Horizon Europe projects are always associated with some level of co-funding for direct costs, indirect costs, or both. Each programme has specific rules for funding rates and cost eligibility – you can find an overview in the General Annexes to the Horizon Europe work programme.
At present, some areas of Horizon Europe are prioritised by SLU and are therefore eligible to apply for central co-funding when SLU is the coordinator. Other projects may be eligible for three-part co-funding (department + faculty + central).
Co-funding priorities are reviewed annually, so please make sure to check the latest list of prioritised grants, eligibility criteria, and application processes in SLU’s co-funding guidelines.
How to apply
All Horizon Europe calls are announced on the European Commission’s Funding & Tenders Portal, and this is also where you create and submit your application. You will always be asked to provide SLU’s Participant Identification Code (PIC) - our PIC is 999887350.
Via the F&T Portal, you can download many reference documents, including a comprehensive Horizon Europe Programme Guide, copies of the latest work programmes, and standard templates. Once you register a draft application in the F&T Portal, you will be able to download an editable version of the proposal template, which may include amendments specific to the call – make sure always to use this version.
Horizon Europe applications consist of an online form and one or more proposal parts, which you upload as pdfs. If there are several partners in your project, each organisation must fill in part of the online form with administrative information. The coordinator or lead applicant must add other information to the online form, for example, an abstract, ethics declarations and budgetary data. They must also upload all proposal parts and submit the application.
There are strict deadlines for Horizon Europe applications indicated in each call. The submission system in the F&T Portal will close at the deadline (usually at 17:00 CET), and late submissions are not accepted. Make sure to submit your application in good time – the F&T Portal can become busy and slow in the hours before the deadline, so a last-minute submission is risky. You can submit and re-submit your application as many times as you want before the deadline, so it is a good idea to submit a version you are happy with a week early and then re-submit as you refine and make final edits.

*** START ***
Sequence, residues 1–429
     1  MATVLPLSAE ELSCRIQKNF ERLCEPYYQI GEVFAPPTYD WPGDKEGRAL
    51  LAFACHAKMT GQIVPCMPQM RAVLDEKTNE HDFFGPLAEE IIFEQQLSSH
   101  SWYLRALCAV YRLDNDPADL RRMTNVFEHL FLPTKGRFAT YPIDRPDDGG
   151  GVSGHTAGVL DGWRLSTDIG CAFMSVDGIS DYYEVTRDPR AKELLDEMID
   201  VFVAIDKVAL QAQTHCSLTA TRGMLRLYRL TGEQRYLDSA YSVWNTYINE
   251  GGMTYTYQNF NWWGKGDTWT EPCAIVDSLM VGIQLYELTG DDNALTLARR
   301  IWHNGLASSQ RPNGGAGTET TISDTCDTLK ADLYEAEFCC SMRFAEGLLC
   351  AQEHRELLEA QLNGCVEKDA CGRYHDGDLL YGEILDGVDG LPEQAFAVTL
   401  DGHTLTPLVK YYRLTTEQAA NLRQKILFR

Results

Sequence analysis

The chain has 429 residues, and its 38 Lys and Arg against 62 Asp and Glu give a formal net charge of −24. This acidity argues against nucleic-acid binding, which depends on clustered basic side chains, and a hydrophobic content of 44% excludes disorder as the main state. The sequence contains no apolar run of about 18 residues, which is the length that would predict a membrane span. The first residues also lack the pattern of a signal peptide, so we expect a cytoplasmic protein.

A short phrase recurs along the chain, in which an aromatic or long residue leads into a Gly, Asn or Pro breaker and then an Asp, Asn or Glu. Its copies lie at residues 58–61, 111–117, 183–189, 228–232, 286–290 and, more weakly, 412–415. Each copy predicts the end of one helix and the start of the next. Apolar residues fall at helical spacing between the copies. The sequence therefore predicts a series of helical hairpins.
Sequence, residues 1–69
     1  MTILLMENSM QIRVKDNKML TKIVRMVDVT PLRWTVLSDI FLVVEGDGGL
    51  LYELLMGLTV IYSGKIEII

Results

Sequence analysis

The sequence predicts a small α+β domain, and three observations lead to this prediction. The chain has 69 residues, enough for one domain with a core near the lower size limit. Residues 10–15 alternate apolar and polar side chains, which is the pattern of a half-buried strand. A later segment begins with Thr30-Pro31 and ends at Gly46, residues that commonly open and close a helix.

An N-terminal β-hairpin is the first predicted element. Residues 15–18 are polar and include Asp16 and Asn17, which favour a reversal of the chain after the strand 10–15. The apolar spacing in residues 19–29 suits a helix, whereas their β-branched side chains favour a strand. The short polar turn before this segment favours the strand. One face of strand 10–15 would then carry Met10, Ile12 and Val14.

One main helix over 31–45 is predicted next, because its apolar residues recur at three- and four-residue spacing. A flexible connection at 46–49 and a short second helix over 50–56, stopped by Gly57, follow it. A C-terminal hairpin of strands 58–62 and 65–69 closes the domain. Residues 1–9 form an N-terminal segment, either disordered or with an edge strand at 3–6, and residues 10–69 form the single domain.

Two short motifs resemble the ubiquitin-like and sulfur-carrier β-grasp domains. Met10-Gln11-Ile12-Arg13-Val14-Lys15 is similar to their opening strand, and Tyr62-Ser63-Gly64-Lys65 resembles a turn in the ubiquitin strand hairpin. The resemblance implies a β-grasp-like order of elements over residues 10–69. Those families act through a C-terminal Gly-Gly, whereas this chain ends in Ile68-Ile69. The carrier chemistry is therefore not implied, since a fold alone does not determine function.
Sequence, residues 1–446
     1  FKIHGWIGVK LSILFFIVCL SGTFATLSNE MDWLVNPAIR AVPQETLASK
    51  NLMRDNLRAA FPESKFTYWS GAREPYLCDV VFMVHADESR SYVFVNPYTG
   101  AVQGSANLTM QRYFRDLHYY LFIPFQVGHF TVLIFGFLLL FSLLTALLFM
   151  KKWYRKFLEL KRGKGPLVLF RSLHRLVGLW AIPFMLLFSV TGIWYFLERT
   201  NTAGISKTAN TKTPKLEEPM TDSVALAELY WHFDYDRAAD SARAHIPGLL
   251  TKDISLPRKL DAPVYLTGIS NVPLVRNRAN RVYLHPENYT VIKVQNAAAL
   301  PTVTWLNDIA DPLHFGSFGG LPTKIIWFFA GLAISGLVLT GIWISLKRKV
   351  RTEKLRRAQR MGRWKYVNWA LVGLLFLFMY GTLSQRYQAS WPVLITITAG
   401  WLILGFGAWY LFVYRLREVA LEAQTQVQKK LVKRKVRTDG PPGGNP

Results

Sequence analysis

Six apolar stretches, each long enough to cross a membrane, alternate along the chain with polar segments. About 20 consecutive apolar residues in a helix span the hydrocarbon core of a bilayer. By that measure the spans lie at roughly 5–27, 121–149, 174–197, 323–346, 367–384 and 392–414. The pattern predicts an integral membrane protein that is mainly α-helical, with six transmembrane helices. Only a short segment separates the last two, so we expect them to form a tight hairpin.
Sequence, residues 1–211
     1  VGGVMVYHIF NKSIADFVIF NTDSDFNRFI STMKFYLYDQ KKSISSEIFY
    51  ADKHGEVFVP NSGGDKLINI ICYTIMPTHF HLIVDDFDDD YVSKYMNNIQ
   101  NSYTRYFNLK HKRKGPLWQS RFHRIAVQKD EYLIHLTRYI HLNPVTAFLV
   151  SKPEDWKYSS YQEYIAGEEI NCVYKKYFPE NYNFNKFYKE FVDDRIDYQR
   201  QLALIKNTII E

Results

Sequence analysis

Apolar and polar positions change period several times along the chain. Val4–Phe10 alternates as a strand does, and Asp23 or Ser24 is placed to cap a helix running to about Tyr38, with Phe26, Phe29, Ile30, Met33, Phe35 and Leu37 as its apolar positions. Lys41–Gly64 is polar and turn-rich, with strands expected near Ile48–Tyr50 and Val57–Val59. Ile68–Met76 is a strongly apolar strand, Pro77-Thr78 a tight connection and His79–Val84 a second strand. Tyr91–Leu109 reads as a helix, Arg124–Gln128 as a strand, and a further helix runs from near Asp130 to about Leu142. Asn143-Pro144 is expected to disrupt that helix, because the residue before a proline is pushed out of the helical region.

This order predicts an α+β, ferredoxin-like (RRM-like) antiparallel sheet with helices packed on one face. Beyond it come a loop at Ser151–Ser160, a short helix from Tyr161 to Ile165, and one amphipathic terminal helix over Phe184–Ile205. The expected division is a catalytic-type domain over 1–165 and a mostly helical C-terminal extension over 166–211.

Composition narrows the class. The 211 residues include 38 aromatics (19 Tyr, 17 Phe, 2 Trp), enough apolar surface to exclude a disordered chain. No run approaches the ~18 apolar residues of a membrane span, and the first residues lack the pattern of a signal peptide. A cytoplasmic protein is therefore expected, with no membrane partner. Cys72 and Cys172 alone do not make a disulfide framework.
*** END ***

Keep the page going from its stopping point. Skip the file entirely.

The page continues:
Support with your application
If you are interested in applying, the Grants Office can answer your questions and, in some cases, offer one-to-one support:
- Global Challenges (Clusters 1-6 and Missions)
- MSCA - Marie Skłodowska-Curie Actions
- ERC - European Research Council
- Other parts of Horizon Europe – send an email to firstname.lastname@example.org
The European Commission offers a lot of guidance to help you understand their funding programmes and prepare your application:
- There are regular Information Days to present specific areas of Horizon Europe and describe the open/upcoming calls – these sessions are recorded and available to watch online.
- The Horizon Europe Programme Guide contains detailed guidance on the structure, budget and political priorities of Horizon Europe. It also includes details on how to prepare proposals, including cross-cutting issues such as dissemination/communication/exploitation, international cooperation, gender, social sciences & humanities, ethics, open science & data management, and artificial intelligence.
- The Programme Guide contains comprehensive information on international cooperation, but you can also find a standalone list of countries eligible for funding in Horizon Europe.
- The Horizon Europe Work Programme 2021/22 General Annexes set out the general conditions applicable to calls under the Horizon Europe main work programme. They also describe the evaluation and award procedures and other criteria for Horizon Europe funding.
- The Horizon Europe Online Manual explains how EU grants work and how to manage them electronically in the F&T Portal. It is limited to procedural aspects and explains the functionality of the IT tools behind the Portal (roles and access rights, proposal submission and evaluation, grant management, amendments, etc.).
- The F&T IT How-To Guide contains step-by-step instructions for all of the tools and features of the F&T Portal.
Managing your project
Grant Agreements and Consortium Agreements
You will report your project expenses and results to the European Commission via their Funding & Tenders Portal.
At SLU, it is usually the department's responsibility to provide support during the implementation and administration of projects, including handling financial issues. Each department has a dedicated person with the administrative role 'project finance', with the main task of supporting the implementation and reporting of research projects.
The university administration's support for project accounting and financial reporting to funding bodies primarily comes from the Division of Financial Administration via email@example.com.
The Grants Office can advise you on the functionality of the Funding & Tenders Portal and appropriate templates to use (e.g. timesheets, progress monitoring).
All Horizon Europe projects have specific data management and open access responsibilities. You can find details and guidance in the Horizon Europe Programme Guide.
Drafts of upcoming work programmes (when available)